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Yangon: The chorus of banging pots and pans begins in Chinatown at about 8pm.
The district in Myanmar’s commercial city of Yangon is normally festooned with bright red lanterns to celebrate Chinese New Year. But when the Year of the Ox arrived in mid-February, the usual festive atmosphere was gone – replaced by a tension in the air.
Demonstrators display a picture of Chinese president Xi Jinping, with a message requesting not to support military coup during a protest against the military coup in Mandalay, Myanmar.Credit:AP
Here, and across the country, swelling ranks of young ethnic Chinese protesters are joining mass rallies against the junta that abruptly deposed Aung San Suu Kyi’s government. Many are united by rumours that China is helping the regime install a repressive new internet system that will severely restrict online freedoms behind a “Great Firewall”.
Eager to show opposition to Beijing meddling, they gather outside the embassy, some displaying posters reading “Myanmar-born Chinese oppose the military coup”.
“They want to show all Myanmar people we stand together,” said Yang Chung-ching who was in the crowd at a recent demonstration. “It’s not just here, but everywhere. Ethnic Chinese are actively taking part in these protests.”
Campaigners of all backgrounds are concerned that China is secretly supporting army chief General Min Aung Hlaing’s military coup.
A man carrying a flag of the National League for Democracy party flashes the three-fingered salute during the funeral of Tin Htut Hein in Yangon, Myanmar on Wednesday.Credit:AP
Their fears were not allayed when China failed to condemn the coup at a meeting of the UN Security Council.
The Chinese government, which wants to avoid instability that will disrupt its own economic ambitions, has denied reports of political support or assistance to build Myanmar’s own version of their internet.
The timing is ominous, as Myanmar is drafting a new cyber security law. Even without the law the junta has experimented in recent weeks with intermittent internet blackouts designed to disrupt dissent.
In rare comments last week, Chen Hai, China’s ambassador to Myanmar, denied reports that cargo planes had sent teams of Chinese Communist Party web technicians to install internet controls, and said the current political situation was “absolutely not what China wants to see”.
Chinese President Xi Jinping, right, shakes hands with then-Myanmar State Counsellor Aung San Suu Kyi n 2019 in Beijing.Credit:AP
But the daily rallies outside the Chinese embassy in Yangon continue, with people carrying banners demanding that it “stop interfering with our affairs of state”.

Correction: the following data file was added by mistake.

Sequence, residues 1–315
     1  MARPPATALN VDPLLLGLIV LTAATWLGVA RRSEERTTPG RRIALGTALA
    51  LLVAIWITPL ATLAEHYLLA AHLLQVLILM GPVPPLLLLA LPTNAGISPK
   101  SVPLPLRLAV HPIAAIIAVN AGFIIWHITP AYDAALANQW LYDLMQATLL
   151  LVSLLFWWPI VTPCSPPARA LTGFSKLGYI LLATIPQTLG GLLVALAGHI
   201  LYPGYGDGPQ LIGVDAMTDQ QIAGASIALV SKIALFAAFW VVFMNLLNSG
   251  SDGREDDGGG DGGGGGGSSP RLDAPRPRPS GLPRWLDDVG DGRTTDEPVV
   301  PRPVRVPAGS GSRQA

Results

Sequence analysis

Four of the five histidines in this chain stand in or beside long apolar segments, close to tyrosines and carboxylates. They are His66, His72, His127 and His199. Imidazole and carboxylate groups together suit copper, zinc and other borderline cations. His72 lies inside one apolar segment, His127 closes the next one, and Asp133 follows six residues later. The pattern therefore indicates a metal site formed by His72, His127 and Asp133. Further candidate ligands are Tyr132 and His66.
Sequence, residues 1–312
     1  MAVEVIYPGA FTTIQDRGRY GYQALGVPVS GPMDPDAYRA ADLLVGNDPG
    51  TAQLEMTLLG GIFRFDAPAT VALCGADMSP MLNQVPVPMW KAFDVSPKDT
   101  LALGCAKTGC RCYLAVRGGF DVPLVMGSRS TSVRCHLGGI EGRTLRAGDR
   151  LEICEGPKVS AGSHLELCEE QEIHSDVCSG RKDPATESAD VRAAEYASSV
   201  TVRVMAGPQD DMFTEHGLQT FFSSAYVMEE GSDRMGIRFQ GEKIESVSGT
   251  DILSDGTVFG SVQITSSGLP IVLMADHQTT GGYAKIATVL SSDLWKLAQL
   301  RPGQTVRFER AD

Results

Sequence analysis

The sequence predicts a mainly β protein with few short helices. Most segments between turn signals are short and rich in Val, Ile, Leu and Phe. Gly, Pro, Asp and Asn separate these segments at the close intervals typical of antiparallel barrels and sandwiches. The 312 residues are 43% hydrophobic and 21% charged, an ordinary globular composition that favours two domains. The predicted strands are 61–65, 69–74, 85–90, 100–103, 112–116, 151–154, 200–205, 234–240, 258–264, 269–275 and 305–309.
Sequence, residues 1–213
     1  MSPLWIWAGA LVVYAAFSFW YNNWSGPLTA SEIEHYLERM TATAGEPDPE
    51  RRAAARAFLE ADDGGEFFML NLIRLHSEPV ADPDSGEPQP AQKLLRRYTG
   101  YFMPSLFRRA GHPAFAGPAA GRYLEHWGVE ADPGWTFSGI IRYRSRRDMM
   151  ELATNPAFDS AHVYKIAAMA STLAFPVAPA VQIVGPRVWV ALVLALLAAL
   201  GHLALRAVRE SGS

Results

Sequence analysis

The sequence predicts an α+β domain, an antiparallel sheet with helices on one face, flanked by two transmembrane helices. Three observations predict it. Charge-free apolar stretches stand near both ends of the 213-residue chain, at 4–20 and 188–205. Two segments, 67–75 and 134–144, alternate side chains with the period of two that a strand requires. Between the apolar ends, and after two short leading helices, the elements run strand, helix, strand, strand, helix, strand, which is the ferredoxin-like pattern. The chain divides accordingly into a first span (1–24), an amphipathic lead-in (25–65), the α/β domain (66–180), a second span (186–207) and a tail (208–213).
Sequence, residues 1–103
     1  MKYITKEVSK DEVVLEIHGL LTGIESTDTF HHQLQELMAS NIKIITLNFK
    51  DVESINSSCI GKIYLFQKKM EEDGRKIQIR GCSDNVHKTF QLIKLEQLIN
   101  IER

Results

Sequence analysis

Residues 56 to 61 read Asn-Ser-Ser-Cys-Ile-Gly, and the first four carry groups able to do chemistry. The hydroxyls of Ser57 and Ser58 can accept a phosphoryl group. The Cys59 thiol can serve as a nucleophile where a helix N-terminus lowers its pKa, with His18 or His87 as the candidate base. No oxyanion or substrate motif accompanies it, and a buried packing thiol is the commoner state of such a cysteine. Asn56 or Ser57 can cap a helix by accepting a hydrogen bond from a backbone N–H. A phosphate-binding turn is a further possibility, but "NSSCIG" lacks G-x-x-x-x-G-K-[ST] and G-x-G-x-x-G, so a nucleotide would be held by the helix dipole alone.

At one recent demonstration Sai Aung Htun, a 24-year-old ethnic Chinese lawyer in Mandalay, expressed his concerns about the draft cyber security law.
“I am quite worried because if that law is adopted, we won’t be able to say what we want to say online. Every single day since the coup I have been worried if the progress Myanmar gained in the last ten years would be rolled back day by day.”
The history of the ethnic Chinese in Myanmar is complex. Much of the older generation remain scarred by the deadly anti-Chinese riots in 1967 that marked a dark chapter in Beijing’s complex relationship with Myanmar.
Dozens of Chinese were killed and their businesses looted by Myanmar’s Bamar majority when unrest was triggered by economic insecurity and fears that the minority was promoting China’s cultural revolution ideology.
Economic and ideological divides, as well as ethnic conflicts in border regions, have since fanned tensions with Myanmar’s 1.7 million-strong Chinese minority, which makes up about three per cent of the population.
In recent years, controversial Chinese-backed investment projects linked to an ambitious infrastructure plan coined the “China-Myanmar Economic Corridor” have created new flashpoints of resentment.
Recent Chinese efforts to revive the deeply unpopular Myitsone hydropower project have been particularly unwelcome.
Say Nay Nay Win, 22, has lived in Myanmar all his life. Like millions of ethnic Chinese born and raised there, his ancestors moved to the north of the country from neighbouring Yunnan province more than half a century ago.
But he said that has not stopped people from questioning his loyalties in the wake of the coup.
The suspicions have helped galvanise his own protest activities in the city of Lashio.
After seeing negative social media posts about his community, he revived his Burmese Chinese Youth Association, which has since helped organise mass rallies.
“People confuse anti-Chinese Communist Party feeling with anti-Chinese feeling. But because everyone can see ethnic Chinese standing up and protesting, they are slowly getting clearer,” he said.
An annual survey in early February by the ISEAS-Yushof Ishak Institute in Singapore revealed that 64 per cent of Myanmar respondents were worried about China’s economic influence and 47 per cent about its political clout.
“The Myanmar public, or particularly the Myanmar nationalist public, never liked China,” said Enze Han, of the University of Hong Kong.
He said that the coup was a new headache for Beijing, which had invested heavily in warming ties with the now overturned National League for Democracy government – a more predictable partner than the secretive ranks of the junta.
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